For his final project at the Royal College of Art in London, graduate student Philipp Schenk-Mischke designed a set of ceramic vases and a small collection of furniture pieces that blur the lines between everyday objects and conceptual furniture. Collectively, the project is called “Process Plug-Ins.”
With BTM Ceramics, Schenk-Mischke wanted to experiment in reinterpreting classic object types by analyzing the way they’re made or used. While most ceramics are left alone to dry once they have taken form, Schenk-Mischke distorts his ceramics but placing them on a body vibration plate (the same kind used in the fitness industry) that gently shakes and vibrates the formed pieces into more organic shapes. By introducing this plug-in (defined as a component that’s designed to enhance a process or system by adding an extra feature or function), Schenk-Mischke changes pre-conceived notions about how a certain process is “supposed” to be.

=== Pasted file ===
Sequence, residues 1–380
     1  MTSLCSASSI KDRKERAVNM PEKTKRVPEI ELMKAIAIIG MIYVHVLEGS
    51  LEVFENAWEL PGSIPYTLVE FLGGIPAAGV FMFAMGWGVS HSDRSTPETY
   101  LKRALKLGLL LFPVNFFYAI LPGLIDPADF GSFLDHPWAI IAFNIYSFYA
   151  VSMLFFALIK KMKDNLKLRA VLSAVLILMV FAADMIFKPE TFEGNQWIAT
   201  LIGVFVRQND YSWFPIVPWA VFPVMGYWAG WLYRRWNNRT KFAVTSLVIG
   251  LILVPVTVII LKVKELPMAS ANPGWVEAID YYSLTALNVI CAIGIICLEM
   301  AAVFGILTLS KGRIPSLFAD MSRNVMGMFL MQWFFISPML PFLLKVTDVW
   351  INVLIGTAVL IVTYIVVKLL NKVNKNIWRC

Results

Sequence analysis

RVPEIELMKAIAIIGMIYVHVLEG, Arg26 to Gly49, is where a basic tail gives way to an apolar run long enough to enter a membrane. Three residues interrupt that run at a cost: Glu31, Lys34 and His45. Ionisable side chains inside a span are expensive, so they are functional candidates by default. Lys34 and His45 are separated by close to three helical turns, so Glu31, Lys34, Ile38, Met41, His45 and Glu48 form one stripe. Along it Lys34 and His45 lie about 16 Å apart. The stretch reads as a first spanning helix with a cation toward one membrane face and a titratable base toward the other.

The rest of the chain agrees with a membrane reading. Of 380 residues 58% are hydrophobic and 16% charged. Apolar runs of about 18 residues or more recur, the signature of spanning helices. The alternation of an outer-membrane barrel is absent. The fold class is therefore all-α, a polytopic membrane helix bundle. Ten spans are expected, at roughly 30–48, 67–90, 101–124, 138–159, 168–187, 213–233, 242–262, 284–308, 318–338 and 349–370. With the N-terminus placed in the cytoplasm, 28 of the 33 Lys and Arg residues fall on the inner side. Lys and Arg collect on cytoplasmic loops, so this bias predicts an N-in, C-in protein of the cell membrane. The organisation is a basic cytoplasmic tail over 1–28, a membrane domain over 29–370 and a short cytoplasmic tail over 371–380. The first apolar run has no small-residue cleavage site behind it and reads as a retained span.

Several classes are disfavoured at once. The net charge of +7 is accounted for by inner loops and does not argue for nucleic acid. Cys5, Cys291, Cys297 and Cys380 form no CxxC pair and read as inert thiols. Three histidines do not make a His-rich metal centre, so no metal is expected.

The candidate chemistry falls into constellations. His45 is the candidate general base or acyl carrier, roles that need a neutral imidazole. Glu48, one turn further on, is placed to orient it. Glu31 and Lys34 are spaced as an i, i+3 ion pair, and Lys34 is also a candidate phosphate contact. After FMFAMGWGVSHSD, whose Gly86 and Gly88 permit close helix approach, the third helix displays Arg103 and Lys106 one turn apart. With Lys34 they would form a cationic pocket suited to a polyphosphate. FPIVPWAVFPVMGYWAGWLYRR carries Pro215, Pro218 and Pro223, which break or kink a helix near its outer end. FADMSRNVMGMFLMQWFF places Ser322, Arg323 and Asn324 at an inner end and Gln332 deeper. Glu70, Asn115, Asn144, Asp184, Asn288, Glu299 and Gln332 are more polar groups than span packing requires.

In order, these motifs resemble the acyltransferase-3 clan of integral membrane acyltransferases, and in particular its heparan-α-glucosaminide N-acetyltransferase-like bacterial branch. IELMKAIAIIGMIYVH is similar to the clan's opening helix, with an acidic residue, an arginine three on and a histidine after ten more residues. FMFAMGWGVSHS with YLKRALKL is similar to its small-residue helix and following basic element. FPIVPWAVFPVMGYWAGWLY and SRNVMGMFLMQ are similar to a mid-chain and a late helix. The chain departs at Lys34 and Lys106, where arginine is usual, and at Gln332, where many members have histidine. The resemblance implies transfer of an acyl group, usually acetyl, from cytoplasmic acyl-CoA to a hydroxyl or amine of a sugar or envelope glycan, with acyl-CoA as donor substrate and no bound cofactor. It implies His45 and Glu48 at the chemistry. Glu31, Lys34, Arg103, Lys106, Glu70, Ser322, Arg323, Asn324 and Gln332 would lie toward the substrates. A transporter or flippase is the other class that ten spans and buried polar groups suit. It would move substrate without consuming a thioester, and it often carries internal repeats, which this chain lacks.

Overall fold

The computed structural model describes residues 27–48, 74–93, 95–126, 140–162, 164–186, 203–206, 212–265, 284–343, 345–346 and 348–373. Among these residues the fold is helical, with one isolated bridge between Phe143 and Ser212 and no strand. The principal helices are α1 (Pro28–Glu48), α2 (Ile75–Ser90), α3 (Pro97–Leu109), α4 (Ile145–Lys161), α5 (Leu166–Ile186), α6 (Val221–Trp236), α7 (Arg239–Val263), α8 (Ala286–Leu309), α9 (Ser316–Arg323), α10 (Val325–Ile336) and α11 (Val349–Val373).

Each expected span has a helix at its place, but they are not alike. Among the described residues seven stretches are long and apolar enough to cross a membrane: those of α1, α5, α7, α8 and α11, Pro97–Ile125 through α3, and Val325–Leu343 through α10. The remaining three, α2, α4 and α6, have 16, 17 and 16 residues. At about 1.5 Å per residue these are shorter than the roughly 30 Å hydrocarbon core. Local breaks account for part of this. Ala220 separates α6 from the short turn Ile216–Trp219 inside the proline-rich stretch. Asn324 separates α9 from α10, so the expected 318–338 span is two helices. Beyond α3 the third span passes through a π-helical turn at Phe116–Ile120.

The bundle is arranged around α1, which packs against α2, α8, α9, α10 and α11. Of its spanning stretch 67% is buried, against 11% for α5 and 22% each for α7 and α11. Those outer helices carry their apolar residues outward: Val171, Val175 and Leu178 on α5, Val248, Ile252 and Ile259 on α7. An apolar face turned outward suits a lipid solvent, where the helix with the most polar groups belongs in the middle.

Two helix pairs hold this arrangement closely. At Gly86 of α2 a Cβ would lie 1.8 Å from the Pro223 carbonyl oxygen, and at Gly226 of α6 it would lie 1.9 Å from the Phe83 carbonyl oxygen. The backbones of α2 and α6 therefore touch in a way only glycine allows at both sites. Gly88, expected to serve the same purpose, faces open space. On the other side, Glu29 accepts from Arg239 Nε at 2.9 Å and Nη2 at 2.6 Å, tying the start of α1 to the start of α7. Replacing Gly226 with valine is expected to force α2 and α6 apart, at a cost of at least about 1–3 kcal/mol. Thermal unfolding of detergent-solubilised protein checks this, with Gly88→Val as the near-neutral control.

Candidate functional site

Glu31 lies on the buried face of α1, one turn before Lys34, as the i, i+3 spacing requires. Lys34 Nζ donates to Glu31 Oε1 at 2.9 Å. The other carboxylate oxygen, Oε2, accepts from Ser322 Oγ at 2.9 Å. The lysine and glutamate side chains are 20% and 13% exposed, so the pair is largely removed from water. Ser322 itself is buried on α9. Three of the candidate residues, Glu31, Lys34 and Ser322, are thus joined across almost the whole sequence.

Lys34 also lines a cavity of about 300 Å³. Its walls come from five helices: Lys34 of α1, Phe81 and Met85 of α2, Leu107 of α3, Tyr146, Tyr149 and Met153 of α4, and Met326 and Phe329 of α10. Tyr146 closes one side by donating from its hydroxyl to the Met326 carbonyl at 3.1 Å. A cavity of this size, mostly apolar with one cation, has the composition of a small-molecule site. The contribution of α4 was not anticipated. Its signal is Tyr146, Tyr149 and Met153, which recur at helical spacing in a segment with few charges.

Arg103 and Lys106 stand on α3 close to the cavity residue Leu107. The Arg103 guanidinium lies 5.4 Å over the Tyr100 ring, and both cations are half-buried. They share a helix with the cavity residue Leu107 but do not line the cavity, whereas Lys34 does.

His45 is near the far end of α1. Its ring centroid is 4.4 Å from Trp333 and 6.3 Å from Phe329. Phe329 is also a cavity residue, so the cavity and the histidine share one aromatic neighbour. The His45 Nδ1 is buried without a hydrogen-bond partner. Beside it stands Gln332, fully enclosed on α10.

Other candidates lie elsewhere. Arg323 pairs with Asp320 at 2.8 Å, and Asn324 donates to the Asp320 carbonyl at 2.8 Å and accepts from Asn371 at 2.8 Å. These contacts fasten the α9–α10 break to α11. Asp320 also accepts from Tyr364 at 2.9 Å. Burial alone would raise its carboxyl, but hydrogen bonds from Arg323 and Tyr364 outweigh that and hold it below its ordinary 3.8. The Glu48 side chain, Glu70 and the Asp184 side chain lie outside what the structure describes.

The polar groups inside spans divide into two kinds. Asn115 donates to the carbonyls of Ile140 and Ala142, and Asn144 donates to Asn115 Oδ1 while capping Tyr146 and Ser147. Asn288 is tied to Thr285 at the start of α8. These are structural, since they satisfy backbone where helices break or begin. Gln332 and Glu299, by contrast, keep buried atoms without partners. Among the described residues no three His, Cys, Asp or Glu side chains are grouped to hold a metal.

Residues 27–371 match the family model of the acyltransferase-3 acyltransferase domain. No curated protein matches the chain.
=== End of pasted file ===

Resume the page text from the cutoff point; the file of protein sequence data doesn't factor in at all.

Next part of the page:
Primitive Fixings is a set of two furniture pieces that also have organic forms due to unconventional techniques. Using broken crema-marfil marble slabs and black waterjet-cut and anodized aluminum shapes, Schenk-Mischke creates expressive but functional material collages. To join the two materials together, he pours molten aluminum into the joint holes, but rather than stopping at the edge, he over-pours and the spillage becomes a blob that sits on top of the joining, adding another organic element to the perfectly imperfect furniture.
To learn more about his BTM Ceramics and Primitive Fixings projects, visit schenkmischke.com.